Mr. VanAmringe said it’s a case of “he said/he said”.  He said the state form is a permit to put a cut in the road; it is not a permit to locate the building.  Mr. Wight said the Town of Lamoine form clearly says it.  Mr. VanAmringe said that is presented to the State of Maine and the permit is granted by the state because it’s a state road. 

Mr. VanAmringe said it appears Mr. Wight feels the financial burden is being placed on them and Mr. Wight believed the town should be responsible for some of it.  He said there were a lot of incorrect assumptions.  He said the Appeals Board is presented with a building that is clearly in violation of the 50-foot setback, and nobody disputes that.  He said you (Mr. Wight) is asking the Board of Appeals can issue a variance, and that is the issue.  He said the discussion about the rest of this is irrelevant.  He said if everyone had realized this in advance and had this discussion in November, the Appeals Board said we could have said no, just move it. 

Mr. Wight said the State didn’t know what the setback was, and then CEO Billings found this paper which showed the right of way width. Mr. VanAmringe said the issue is the setback in the town ordinance is a minimum of 50-feet back from the right of way.  He said the fact is not something the CEO discovered.  He said the subsequent discovery was the road width.  He said the application showed the setback is 65-feet from the right of way.  He said 35-to-40% of the building is too close to the road. 

Mr. VanAmringe said he understands the frustration is that one form says one thing, and one form says another.  Mr. Wight said both forms say the same thing.  He said it was obvious between the two documents what he was trying to portray.  A brief discussion followed regarding the local road opening application and the building permit application.  Mr. VanAmringe said we’re not talking about missing by a matter of inches.

Chairman Fenton said we’re only acting on a request for a variance.  He said even with a 2-rod road, he would be missing on that, too.  He said the Board is having a discussion to try to figure out if it can grant a variance, and the Board has certain criteria to go by which the state has mandated.  He said all four criteria have to be met, and that’s all the board can do.  He said the board is not concerned with who pays or how it gets moved.  He said the applicant is asking for a variance – it’s that simple.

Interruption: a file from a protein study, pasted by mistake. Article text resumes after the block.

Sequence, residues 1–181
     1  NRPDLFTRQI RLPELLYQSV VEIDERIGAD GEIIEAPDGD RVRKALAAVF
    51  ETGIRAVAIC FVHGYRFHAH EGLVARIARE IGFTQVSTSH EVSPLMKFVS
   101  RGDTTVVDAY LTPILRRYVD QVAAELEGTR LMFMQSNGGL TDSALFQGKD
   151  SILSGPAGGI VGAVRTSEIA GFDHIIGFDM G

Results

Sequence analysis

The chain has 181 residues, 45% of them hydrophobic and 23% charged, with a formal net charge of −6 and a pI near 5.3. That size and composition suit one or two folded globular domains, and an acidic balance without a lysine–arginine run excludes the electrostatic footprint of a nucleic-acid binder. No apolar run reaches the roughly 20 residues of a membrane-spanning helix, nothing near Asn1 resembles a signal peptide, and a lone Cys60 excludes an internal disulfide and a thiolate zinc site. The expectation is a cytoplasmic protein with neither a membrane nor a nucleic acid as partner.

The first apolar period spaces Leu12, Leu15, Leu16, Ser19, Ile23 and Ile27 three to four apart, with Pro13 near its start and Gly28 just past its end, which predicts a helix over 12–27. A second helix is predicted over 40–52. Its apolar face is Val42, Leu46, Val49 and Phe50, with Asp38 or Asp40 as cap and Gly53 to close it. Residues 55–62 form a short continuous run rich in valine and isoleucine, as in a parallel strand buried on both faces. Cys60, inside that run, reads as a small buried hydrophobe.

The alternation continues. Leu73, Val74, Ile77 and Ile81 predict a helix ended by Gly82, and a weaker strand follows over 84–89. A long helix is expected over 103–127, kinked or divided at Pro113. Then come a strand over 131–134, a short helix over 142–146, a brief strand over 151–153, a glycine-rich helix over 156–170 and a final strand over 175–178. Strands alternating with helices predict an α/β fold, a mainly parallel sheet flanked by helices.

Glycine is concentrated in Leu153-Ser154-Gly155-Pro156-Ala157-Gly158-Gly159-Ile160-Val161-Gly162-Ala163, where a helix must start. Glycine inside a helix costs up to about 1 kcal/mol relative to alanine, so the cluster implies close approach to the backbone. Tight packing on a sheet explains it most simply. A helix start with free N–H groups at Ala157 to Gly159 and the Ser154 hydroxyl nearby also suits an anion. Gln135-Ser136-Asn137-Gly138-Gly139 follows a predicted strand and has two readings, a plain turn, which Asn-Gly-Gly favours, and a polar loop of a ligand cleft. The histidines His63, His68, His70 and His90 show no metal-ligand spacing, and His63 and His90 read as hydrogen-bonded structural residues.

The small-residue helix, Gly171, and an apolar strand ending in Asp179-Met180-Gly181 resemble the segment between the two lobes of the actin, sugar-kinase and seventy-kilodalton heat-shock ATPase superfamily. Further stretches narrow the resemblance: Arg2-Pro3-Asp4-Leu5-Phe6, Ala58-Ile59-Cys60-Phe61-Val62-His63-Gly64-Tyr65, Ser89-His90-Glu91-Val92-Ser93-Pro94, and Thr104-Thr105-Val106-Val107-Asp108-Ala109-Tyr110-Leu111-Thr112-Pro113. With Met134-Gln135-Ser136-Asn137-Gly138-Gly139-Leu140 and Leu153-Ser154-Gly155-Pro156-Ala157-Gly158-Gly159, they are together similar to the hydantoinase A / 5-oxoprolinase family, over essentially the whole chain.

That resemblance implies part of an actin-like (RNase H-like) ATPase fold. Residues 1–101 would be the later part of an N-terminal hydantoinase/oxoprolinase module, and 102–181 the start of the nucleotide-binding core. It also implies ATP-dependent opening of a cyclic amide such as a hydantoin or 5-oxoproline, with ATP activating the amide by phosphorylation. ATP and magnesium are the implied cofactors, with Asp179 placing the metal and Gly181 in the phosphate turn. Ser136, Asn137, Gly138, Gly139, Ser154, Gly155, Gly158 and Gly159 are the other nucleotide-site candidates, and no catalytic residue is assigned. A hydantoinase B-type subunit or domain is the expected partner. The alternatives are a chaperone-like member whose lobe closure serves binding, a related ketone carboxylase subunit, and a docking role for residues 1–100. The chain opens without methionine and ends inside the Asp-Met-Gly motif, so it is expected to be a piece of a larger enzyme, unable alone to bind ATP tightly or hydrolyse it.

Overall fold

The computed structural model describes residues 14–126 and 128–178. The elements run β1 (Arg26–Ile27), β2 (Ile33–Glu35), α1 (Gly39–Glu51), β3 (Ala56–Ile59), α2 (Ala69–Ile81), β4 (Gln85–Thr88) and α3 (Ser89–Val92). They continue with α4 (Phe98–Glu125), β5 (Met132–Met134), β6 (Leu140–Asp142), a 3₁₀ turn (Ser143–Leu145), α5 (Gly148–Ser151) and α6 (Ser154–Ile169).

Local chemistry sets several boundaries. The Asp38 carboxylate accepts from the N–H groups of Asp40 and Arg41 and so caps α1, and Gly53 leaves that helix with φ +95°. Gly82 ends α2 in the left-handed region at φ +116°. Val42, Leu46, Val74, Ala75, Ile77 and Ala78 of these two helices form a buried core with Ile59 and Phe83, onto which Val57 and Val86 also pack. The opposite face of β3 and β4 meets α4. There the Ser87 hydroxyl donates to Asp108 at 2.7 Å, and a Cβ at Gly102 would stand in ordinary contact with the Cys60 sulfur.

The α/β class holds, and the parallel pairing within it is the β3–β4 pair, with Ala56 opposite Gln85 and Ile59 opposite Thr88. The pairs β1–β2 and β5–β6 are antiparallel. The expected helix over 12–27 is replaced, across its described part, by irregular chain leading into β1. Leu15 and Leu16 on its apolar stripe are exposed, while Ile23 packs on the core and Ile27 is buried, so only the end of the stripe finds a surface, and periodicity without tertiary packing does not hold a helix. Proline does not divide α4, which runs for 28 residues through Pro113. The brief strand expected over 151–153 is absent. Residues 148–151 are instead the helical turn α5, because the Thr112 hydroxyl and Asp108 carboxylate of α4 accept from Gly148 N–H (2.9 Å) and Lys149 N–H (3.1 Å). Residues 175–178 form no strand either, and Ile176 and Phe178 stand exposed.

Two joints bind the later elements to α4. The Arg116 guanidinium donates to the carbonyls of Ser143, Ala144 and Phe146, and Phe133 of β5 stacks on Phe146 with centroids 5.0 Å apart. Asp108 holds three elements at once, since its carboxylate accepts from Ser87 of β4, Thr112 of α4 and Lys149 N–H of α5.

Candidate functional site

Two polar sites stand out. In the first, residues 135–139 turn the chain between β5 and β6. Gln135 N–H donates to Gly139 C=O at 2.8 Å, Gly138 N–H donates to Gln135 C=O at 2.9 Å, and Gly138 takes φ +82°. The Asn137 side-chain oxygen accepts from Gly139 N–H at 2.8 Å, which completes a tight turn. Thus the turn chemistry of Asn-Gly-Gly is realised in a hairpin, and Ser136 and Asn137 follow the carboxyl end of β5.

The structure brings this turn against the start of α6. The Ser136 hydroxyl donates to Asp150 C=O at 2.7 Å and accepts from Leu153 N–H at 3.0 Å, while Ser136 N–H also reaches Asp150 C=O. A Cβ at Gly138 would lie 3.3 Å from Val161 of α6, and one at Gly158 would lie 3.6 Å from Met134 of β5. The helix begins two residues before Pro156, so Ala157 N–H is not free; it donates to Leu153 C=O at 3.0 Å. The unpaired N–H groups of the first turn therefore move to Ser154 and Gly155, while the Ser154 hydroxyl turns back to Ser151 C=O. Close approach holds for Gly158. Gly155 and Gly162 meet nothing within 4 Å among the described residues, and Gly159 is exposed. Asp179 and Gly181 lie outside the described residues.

Chairman Fenton said while everyone on the board might be empathetic to Mr. Wight’s situation, it doesn’t make any difference for the board doing what it has to do, and that makes it a little more difficult.  He said there are remedies available at Superior Court.  He said the Board is not concerned with any of the peripheral items – the issue is the board all agrees it (the current building setback) is not 75-feet.  He said the board is bound by the four items outlined by the Law Court, which are not in Mr. Wight’s favor. 

Mr. Wight said the four items could be interpreted many different ways.  Chairman Fenton said that’s why there are cases in the law court around these issues.  He said he would entertain a motion to discuss this issue.

Mr. Jordan moved to grant Mr. Wight a variance.  Mrs. Bender 2nd.  Mr. VanAmringe said he thinks the means and regulations under which the Appeals Board can grant a variance are not available.  He said all four criteria have to be met, and at least one and perhaps all four have not been met.   Chairman Fenton said the reasonable return item is not met, and if that’s not met, the others don’t need to be dealt with.  He said the court has set the criteria clearly, and there was no wiggle room.  He reflected on some of the history of the criteria.  He said perhaps the practical difficulty item is something the Planning Board and town could deal with in the future.

Vote on the motion to grant the variance was 0-5. 

Other Matters – Mr. Fenton thanked the appellants for their time and patience.

Mr. VanAmringe said he questioned whether the question before the board should have been to disapprove the variance.  There was a discussion about how to word the motion, and Mr. VanAmringe said it was clear what the sentiment was. 

There being no further business, the meeting adjourned at 6:49 PM

Respectfully submitted,

Jon VanAmringe, Secretary